Insights for Executives

How to Build Successful Remote Teams

Husam Machlovi

February 11, 2021

When the internet becomes your company's headquarters, you can keep the lights on from anywhere.

No matter where your employees are, they’re able to get online and ensure everything’s running smoothly. 

Learn the elements of a successful remote team, so you can set your company up for success. 

Written Communication Is Pivotal

In a remote environment, written communication is the most important building block of a successful remote team.

Written communication makes it faster to communicate, makes it easier to reference historical threads, and lets people communicate across the world.

That being said, you have to ensure that your team adopts guidelines to ensure that written communication is effective. 

We suggest starting with templates for the type of communication, whether synchronous or asynchronous, as well as templates based on the length of the communication (a short update vs a report).

Go Asynchronous By Default

Asynchronous communication is when you don’t expect an instant response from the other person. An example is responding to an email hours after it's sent.

Asynchronous gives employees flexibility. People can work on their own time to get their work done. It also gives people back time. Employees aren’t waiting around for others to complete their tasks.

The benefit? More effective teams.

Asynchronous communication is hard. It requires deep attention to detail, strong written skills, and a willingness to adapt to different tools and processes. This makes your team players better.

When done right, asynchronous communication lets people collab faster.

And because employees get more time back in their day, they're more motivated to show up and deliver.

Focus on Results, Forget Attendance Policies

Virtual work works when employees get to create their own work environments. A big part of this is their working schedules.

Some of your employees will be most productive in the mornings. Some in the afternoons. Others are night owls.

Remote work lets you enable people to contribute their best selves.

Take advantage of this by dropping attendance policies and focusing on results.

Did your team finish their work? Great. So who cares how long it took?

Drop the meetings

Meetings suck. They almost always take longer than they need to, and they're almost always unnecessary.

Most meetings can be replaced with a Slack message or email.

Meetings also are a blocker to productivity. The last thing you want is to interrupt employees who are in a flow state with a 10m reminder to a meeting that will be mostly dead air.

Instead, reserve meetings for emergencies where sync ups are necessary. Or for team building activities.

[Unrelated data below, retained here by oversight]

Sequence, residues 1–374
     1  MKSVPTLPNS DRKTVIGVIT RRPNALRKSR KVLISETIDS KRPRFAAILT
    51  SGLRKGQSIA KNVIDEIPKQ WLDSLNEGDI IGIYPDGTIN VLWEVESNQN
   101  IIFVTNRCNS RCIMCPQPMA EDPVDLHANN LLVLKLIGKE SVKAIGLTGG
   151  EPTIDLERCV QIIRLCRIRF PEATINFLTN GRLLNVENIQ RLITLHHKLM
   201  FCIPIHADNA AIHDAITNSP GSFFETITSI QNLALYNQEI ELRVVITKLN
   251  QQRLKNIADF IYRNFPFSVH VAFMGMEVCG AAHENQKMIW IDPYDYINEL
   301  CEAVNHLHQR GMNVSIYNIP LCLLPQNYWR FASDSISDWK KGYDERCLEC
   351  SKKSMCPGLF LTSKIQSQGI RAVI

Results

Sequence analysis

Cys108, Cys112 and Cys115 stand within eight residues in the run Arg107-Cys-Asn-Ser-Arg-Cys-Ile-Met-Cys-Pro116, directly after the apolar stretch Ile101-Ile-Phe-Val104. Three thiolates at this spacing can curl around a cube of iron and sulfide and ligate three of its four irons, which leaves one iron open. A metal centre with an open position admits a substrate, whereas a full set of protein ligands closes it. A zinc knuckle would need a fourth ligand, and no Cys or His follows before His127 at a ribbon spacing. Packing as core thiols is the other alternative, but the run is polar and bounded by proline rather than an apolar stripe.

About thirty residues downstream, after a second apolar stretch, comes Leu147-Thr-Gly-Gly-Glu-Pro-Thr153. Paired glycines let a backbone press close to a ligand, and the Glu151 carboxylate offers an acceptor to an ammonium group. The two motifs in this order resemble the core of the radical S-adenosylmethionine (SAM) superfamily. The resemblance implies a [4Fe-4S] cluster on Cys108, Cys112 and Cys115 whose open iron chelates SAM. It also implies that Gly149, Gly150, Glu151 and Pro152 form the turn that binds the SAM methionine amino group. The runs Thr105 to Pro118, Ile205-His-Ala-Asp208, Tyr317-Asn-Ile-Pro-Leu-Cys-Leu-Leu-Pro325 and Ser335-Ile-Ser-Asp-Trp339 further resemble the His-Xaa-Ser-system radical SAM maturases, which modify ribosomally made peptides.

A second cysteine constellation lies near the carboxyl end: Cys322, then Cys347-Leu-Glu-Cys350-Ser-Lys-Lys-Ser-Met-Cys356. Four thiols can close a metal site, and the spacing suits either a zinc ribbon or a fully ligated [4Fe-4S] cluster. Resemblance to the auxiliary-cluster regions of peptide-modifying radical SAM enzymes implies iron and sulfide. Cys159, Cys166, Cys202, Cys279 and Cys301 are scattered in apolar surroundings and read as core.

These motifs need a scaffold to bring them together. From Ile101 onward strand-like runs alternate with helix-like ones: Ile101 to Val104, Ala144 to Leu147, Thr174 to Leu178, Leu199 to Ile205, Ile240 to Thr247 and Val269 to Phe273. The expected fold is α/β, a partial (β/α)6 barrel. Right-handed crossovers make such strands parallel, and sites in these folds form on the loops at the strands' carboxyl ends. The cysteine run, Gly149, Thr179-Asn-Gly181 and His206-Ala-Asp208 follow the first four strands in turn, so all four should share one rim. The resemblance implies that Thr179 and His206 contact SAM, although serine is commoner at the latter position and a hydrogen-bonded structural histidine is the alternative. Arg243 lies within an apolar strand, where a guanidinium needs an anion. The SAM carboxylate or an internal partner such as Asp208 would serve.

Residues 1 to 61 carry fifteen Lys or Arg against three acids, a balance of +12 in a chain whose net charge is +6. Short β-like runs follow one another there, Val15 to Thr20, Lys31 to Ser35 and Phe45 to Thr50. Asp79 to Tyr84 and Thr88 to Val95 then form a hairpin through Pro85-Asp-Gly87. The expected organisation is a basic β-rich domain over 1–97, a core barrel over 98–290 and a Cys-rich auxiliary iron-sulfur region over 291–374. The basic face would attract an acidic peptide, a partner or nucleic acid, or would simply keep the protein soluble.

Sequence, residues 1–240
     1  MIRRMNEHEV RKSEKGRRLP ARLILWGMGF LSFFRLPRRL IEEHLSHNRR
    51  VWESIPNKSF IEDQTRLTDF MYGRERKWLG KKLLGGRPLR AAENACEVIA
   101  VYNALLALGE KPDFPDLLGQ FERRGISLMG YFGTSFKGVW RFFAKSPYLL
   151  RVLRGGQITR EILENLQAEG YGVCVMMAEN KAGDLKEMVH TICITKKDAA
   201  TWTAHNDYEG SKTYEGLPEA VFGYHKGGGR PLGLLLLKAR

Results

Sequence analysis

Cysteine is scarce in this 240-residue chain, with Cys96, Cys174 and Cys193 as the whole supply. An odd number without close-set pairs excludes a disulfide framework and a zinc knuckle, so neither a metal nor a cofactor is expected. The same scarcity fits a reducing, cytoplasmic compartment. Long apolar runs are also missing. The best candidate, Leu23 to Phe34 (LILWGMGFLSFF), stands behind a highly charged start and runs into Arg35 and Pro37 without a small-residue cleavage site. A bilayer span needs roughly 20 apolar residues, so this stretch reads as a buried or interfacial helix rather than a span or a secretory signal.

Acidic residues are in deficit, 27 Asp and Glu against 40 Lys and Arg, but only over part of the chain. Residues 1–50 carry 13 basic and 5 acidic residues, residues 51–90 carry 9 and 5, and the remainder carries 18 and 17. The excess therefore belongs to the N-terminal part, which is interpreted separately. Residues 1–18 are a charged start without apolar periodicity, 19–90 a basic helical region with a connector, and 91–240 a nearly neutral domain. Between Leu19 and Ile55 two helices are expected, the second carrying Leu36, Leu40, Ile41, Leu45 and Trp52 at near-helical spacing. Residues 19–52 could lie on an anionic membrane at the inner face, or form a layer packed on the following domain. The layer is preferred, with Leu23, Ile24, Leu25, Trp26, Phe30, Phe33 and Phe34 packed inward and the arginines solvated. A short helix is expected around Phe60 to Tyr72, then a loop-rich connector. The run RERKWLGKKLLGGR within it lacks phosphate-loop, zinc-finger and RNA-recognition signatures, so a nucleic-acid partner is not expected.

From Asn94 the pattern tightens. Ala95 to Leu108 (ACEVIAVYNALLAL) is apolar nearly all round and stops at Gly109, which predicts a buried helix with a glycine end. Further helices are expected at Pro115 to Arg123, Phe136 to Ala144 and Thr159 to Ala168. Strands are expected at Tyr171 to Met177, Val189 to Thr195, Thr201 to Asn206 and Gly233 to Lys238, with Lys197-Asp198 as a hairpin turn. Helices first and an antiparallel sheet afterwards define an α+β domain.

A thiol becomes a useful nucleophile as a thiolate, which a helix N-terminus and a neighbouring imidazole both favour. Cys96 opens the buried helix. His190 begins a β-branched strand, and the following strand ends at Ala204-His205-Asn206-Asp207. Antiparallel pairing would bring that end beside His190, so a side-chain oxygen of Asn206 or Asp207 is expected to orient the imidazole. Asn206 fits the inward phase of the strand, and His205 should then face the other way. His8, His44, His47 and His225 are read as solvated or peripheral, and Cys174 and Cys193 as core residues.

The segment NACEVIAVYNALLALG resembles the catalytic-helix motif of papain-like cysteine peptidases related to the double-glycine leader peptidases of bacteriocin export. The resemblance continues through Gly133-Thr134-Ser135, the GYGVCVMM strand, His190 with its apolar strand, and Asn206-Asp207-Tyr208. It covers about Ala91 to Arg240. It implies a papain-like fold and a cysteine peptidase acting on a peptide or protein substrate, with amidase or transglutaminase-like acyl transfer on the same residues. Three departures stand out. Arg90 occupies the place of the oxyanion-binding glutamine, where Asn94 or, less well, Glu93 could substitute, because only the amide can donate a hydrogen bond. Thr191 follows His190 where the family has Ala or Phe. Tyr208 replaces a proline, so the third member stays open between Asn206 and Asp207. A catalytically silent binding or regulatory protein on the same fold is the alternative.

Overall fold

Don't Enforce Video During Meetings

There's an advantage to going with Video in meetings. The face time does help employees build greater rapport. But don't enforce this.

By letting teams decide their preferred meeting channels, whether it's Voice, Video or Chat, you're able to create more inclusivity amongst team members.

Here at Remote Creative Work, we grew up on AOL and AIM Chat. We find asynchronous communication via text to be a breeze. So we conduct our meetings this way with great success.

Let Teams Choose Their Tech Stack

There's so many tools out there that basically do the same thing. From design, development, project management and more, you'll find an abundant number of solutions each with their own advantages and disadvantages.

Chances are, your creative teams will have used flavors of these tools already. Let them lean on the ones that they love. Let them decide as a team what their stack will be.

First, using tools can be fun. So let teams have their fun while they work.

And second, this can be a great team building exercise. Team members can make it an activity to find the perfect stack to help them improve their output.

Encourage Meaningful Connections

I know we said don't push meetings onto creatives, but there is something to be said about team building activities.

Give teams ideas for how they can connect. Virtual dinners and game nights are great. A favorite of ours at Remote Creative Work is video game nights with the team.

And of course, give the entire company a chance to connect too. This helps to strengthen the company culture which will have a positive effect on team morale as well.

Get the company to vote on presenters they'd love to see or events they'd like to attend. So many events are starting to take place online, including presentations from thought leaders and music concerts. Let the company vote on the kinds of events they'd love to be a part of.

Have questions about building remote teams? Send us a hello at

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